Cheap Oil Lifts All Airlines, but Spirit Gets to Fly Highest

Photograph by Simon Dawson/Bloomberg

The crude oil bear market represents a strong financial tailwind for airlines, which will likely fatten their profit margins over the winter. When jet fuel is cheaper, of course, more money flows “straight to the bottom line,” as American Airlines President Scott Kirby put it last week. Yet a decline in crude oil expense doesn’t help every airline equally. A carrier’s nonfuel spending plays an important role in how much profitability cheaper jet fuel will offer.

Nowhere is that financial shift more pronounced than at Spirit Airlines, which just reported a record pretax profit margin of 21.3 percent in the third quarter. Spirit executives cheered analysts by suggesting they can hit an operating profit margin of about 20 percent in 2015—the same year the Florida-based airline is planning a major growth spurt and hiring 250 new pilots.

Behind the profitability boom are Spirit’s nonfuel costs, which are about the lowest in the industry.

Every airline pays roughly the same amount for jet fuel, which is tied to crude oil futures currently sitting at multiyear lows. Brent crude, the index most closely tied to jet fuel prices, is below $86. Barclays cut its 2015 forecast for Brent by $3 to $93 per barrel, the bank’s second downward revision in less than a month.

When crude oil is expensive, as it has been for the last several years, a low-cost airline’s nonfuel cost advantage—lower wages, greater use of its airplanes, cheap coffee in employee break rooms, stingier medical benefits—becomes less important to the total cost base. A giant like United or Delta narrows the cost advantage a small rival like Spirit or Southwest enjoys, while goosing higher revenues from its global network through higher fares and fuel surcharges. But when oil prices retreat, a nonfuel cost advantage becomes far more important for a low-cost carrier than for the giants.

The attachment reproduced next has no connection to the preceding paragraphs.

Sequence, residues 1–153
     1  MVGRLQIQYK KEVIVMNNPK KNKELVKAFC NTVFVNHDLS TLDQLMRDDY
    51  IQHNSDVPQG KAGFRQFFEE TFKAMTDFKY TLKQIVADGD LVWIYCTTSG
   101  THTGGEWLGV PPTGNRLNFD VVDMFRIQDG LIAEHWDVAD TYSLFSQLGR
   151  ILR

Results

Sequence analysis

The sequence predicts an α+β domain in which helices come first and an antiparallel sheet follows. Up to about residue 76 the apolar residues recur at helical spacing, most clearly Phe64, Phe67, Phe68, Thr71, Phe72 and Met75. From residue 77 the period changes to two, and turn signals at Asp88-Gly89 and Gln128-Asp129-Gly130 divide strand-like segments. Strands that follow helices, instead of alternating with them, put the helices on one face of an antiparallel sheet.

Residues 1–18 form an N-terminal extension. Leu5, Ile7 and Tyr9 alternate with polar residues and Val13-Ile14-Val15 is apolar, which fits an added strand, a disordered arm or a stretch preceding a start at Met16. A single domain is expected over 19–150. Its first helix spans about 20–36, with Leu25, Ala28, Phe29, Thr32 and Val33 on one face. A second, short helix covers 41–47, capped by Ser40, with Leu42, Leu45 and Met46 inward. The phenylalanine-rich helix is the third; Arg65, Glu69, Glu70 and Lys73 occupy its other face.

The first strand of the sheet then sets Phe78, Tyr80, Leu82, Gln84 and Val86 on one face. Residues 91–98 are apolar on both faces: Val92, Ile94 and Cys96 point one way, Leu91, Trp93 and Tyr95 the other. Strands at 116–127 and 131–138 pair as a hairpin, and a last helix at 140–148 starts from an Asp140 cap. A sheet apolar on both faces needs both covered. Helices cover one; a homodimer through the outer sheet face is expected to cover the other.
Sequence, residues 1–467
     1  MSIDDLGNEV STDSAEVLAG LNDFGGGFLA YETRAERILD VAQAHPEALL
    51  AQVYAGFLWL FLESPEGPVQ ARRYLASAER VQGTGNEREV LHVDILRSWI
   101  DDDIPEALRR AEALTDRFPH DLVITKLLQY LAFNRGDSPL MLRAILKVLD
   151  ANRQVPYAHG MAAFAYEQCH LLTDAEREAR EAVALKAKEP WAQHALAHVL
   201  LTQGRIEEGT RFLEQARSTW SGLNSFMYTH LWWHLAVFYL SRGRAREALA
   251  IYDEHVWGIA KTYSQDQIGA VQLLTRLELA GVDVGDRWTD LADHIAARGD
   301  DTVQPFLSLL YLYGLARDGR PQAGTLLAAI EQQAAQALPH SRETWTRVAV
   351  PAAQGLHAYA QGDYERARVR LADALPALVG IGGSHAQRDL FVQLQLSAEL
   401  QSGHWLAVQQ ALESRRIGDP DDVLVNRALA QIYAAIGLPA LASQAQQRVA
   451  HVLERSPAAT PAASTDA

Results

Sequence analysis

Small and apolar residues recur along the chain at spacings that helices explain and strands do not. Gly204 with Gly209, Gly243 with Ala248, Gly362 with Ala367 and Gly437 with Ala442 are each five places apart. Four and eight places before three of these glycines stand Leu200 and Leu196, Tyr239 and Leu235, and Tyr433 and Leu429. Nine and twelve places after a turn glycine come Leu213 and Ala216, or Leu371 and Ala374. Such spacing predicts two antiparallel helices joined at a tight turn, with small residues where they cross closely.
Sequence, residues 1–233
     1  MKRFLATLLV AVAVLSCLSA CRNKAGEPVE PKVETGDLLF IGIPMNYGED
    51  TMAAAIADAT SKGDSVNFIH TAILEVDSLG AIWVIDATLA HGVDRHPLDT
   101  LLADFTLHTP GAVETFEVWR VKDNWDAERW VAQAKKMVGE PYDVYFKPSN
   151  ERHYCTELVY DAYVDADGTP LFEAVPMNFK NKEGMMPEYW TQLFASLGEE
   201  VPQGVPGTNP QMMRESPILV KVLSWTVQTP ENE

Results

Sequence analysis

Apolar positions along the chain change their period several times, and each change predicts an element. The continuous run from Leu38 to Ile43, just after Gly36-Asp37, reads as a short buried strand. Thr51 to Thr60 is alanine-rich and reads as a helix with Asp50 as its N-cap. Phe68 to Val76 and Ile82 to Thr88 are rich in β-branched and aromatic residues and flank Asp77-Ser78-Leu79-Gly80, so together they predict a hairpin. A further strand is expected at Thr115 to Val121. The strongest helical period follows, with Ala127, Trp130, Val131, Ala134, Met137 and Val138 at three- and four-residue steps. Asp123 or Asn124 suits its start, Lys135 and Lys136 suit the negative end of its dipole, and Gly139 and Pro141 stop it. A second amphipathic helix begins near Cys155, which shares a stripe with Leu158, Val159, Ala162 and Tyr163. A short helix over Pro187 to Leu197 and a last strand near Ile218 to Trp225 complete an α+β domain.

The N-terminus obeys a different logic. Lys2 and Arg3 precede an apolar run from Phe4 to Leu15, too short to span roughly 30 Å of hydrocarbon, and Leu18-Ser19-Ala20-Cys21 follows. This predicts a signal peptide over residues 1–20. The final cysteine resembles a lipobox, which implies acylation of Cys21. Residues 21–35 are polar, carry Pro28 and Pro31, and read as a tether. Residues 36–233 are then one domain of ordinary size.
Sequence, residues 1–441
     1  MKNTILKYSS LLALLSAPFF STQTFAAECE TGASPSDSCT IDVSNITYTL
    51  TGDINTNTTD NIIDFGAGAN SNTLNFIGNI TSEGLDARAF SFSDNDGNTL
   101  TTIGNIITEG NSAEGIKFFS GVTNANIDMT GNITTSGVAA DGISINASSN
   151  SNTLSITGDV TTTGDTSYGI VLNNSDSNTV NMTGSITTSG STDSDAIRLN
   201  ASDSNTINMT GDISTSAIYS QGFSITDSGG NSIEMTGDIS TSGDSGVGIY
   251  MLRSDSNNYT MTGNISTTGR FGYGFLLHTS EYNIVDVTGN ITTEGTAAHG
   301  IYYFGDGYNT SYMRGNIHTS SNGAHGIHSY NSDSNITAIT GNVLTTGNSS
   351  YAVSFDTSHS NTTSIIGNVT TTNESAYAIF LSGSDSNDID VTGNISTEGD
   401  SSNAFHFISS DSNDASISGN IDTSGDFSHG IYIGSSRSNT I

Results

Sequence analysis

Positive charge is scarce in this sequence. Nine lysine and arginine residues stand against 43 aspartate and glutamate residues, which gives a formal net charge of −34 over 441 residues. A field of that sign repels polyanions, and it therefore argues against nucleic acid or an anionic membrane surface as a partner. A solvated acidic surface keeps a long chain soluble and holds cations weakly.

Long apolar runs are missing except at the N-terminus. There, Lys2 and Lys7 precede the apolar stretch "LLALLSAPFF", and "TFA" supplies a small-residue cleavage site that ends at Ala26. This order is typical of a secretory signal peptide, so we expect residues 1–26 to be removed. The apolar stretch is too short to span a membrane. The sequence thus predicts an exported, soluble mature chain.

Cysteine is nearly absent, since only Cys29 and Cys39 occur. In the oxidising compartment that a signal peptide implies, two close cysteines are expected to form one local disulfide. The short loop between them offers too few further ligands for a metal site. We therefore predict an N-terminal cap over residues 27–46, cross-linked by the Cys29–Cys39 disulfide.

“Legacy airlines are better equipped to win the revenue game, whereas low-cost carriers are better equipped to win the cost game,” industry journal Airline Weekly noted last year in analyzing the advantages higher jet fuel prices afford large airlines.

Flying its Airbus jets on slower travel days, as Spirit has begun doing on Tuesday and Wednesday, will lower the airline’s unit costs even further as it gains greater productivity from the assets. That means flights will be slightly less packed—which is already happening at Spirit—but it also pays off financially. Here’s how Spirit Chief Executive Ben Baldanza explains the math of mixing low nonfuel costs with cheaper fuel:

Since we’re a margin-driven airline, if we can drive higher margins with a little lower [revenue] and even greater lower [costs], that’s a great thing for us, and that’s a great thing for our model and that means even lower fares for customers and a good thing for investors. So that’s the way we’ve always been thinking about 2015. I think early on there was some apprehension, not here at Spirit, but outside, about in a 30 percent growth year, why might that not pressure your revenues because you will have so much new flying? We were always internally saying yes, but our costs are going to be great because of all that, so margins might actually improve.

Investors love such news. Spirit shares gained more than 7 percent on Tuesday, part of a 56 percent surge this year.

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